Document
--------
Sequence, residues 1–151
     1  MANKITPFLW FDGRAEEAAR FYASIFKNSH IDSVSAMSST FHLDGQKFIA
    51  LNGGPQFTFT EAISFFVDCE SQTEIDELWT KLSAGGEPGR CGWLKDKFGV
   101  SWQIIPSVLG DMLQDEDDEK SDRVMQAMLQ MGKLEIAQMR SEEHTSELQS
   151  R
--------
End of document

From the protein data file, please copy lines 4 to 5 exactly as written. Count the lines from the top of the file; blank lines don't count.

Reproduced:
   101  SWQIIPSVLG DMLQDEDDEK SDRVMQAMLQ MGKLEIAQMR SEEHTSELQS
   151  R